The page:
Ah, definitions can be tricky– but absolutely vital. Just what is the difference between say, a refugee and an economic migrant? Or an asylum seeker? For some very quick answers…
You know that moment, the one where your lovely friend insists that boat arriving refugees are ‘illegal queue-jumpers’? Well, show them this for a quick cheat sheet on some of the most common misconceptions around refugees.
How does New Zealand compare to the rest of the world in treating asylum arrivals? Is New Zealand a genuine refugee boat destination? Should we raise our refugee quota? Tracey Barnett with NewstalkZB’s Rachel Smalley
As the tragic news broke this week that up to 900 possible refugees may have drowned at sea trying to get to Italy, the call went out like bad satire, “Stop the boats! Punish the traffickers!”
What a sad folly. No one, including New Zealand, was willing to look in the mirror. Maybe that’s because the truth is, our own reflection isn’t terribly pretty. As families risk their lives at sea rather than die in the war that has engulfed them, New Zealand has quietly just shrugged. It’s not our crisis. It’s so far away.
We’re missing the boat entirely. We are every bit a part of the problem. New Zealand has very quietly closed the door to refugees from long-term neglect.
By Tracey Barnett. [More from Public Address]
An interesting challenge to our notion of a refugee.
Professor Francois Crepeau, refugee expert, was standing on a beach where thousands of refugees die to cross to safety each year. He asked the official by his side,
“But why doesn’t IOM fund a ferry service? No one would die, the smuggling industry would be dead, you would get to register everyone. Maybe you could ask for 200 euros per person, they’re paying more to smugglers anyway, that would pay for the ferries and you would be able to inform them of the situation, you would be able to detect protection needs, people who are being trafficked, minors who shouldn’t be there, people who have health issues. You would be able to do so much work and this would pay for itself. What’s the problem?” And the answer was a little smile, and then: “I don’t think the member states of IOM would approve of such a plan.”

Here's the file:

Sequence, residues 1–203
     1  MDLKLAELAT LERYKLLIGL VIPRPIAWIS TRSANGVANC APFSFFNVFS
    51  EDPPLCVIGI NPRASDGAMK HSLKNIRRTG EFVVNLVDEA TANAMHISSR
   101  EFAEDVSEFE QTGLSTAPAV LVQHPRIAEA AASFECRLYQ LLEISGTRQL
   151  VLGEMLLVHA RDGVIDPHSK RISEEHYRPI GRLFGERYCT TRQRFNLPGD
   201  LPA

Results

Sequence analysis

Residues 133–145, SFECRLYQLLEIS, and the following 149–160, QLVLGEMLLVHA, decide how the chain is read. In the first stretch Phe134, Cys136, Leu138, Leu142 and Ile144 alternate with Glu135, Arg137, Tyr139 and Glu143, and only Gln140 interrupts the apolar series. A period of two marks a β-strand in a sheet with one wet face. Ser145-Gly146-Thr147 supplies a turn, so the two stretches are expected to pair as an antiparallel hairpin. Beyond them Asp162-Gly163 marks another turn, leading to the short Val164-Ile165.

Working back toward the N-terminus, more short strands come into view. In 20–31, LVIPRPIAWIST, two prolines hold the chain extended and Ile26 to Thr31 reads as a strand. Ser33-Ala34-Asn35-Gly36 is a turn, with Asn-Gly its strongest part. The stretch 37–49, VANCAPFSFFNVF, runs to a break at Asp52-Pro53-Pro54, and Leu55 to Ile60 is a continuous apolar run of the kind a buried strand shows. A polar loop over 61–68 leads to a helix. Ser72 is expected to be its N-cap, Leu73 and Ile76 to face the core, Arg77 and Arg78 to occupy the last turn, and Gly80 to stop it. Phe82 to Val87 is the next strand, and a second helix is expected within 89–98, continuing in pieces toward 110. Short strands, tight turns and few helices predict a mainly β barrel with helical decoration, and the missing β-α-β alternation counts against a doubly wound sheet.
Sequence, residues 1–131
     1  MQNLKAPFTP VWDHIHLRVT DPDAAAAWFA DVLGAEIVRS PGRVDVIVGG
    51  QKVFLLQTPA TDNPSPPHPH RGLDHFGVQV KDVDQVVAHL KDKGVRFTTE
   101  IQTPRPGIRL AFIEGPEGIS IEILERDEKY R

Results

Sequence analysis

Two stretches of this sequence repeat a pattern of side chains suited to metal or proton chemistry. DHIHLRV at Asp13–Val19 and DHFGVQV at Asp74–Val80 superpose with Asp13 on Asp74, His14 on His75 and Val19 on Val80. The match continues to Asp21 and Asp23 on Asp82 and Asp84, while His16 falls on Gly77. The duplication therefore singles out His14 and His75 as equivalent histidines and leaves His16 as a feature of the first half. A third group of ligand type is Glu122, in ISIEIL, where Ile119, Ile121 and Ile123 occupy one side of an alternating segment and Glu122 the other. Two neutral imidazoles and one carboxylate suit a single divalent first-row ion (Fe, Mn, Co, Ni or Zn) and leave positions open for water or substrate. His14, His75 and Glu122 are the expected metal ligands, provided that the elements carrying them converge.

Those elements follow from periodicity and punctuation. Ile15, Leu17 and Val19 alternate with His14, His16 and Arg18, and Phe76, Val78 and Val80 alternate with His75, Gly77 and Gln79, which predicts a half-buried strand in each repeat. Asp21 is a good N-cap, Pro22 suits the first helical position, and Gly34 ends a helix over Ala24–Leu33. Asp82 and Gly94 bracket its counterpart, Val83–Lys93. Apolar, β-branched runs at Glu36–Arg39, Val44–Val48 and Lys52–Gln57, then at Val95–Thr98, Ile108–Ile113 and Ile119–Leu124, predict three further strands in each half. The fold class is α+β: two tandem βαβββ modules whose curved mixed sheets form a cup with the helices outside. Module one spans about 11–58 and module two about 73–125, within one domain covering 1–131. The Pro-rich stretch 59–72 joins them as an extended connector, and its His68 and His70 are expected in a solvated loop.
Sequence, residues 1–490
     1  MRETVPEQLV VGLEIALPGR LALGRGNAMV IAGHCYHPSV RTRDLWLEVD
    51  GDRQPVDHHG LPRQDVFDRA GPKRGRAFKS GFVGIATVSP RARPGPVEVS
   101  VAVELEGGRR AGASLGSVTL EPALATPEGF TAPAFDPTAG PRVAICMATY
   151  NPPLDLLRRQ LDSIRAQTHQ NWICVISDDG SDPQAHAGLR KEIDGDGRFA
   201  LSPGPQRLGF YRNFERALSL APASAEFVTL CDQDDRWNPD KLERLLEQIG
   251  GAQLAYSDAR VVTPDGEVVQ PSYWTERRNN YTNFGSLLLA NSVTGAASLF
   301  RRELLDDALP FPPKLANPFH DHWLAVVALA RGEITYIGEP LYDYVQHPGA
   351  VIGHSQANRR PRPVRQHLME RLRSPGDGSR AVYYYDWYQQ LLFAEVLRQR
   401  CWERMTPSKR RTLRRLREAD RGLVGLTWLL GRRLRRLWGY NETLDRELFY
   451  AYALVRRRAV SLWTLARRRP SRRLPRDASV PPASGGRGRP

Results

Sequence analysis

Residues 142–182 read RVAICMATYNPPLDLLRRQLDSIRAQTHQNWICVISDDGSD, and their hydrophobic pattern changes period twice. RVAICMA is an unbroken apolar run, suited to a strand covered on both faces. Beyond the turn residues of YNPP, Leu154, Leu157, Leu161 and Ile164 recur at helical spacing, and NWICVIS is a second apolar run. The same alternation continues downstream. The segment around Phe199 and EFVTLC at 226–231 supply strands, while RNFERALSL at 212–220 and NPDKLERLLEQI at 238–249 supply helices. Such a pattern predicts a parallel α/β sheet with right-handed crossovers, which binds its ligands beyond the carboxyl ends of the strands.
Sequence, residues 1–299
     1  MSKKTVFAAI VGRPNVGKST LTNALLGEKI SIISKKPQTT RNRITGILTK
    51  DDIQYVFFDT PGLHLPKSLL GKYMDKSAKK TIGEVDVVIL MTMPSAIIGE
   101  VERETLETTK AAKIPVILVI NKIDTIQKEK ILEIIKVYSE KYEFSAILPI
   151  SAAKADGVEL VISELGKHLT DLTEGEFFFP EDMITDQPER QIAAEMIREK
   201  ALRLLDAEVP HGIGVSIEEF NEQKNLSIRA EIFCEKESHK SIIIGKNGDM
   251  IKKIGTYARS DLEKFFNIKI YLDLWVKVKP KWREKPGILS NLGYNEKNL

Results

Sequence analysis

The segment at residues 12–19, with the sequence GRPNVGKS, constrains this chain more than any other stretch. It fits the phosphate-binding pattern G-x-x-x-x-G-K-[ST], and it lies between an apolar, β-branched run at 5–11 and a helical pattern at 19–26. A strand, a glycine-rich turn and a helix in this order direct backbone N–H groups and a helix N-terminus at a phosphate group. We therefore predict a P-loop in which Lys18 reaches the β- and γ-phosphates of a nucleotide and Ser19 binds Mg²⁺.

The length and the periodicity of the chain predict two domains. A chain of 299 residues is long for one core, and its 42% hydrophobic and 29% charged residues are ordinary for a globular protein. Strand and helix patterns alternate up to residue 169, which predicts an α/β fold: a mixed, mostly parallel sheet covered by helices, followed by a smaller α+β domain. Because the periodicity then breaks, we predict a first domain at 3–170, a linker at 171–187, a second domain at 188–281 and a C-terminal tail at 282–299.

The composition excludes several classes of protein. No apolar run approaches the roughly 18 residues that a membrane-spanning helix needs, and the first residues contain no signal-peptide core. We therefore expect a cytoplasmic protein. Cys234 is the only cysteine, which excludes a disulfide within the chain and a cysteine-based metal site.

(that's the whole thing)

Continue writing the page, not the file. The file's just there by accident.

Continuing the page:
By Gabrielle Jackson. [More from The Guardian]
When John Key was asked if New Zealand would increase its refugee quota during Gallipoli commemorations in Turkey this week, a country staggering to support what is now the world’s biggest population of refugees, the Prime Minister said only, it was “not likely.”
Turkey has appealed worldwide for help to support over two million Syrians who have fled from war. New Zealand’s Prime Minister then added that its annual refugee quota of 750 was “about right.”
“Our Prime Minister’s response was embarrassingly tone deaf,” said Tracey Barnett, founder of #WagePeaceNZ, a refugee initiative that is currently calling on the New Zealand government to double its annual UNHCR quota.
“I fear that our Prime Minister didn’t consider how brazen his response would fly with the Turkish public, or government. It showed an impolitic disregard to Turkey’s efforts to deal with what is now being considered the biggest refugee crisis since WWII.”
“He was being hosted by a country that is staggering under this tremendous humanitarian load—and this was his response on the world stage?” Barnett said. “In this 100th anniversary of ANZAC, when it is more poignant than ever to question waging war, shouldn’t we look just as hard at how New Zealand can build the lives that war destroys—and wage peace instead?”
New Zealand’s refugee quota has not been raised in 28 years. It remains 87th per capita in the world in the total number of refugees and asylum seekers it hosts, 113th if measured by GDP. The quota will be reviewed by government early next year.
By Tracey Barnett. [From Scoop]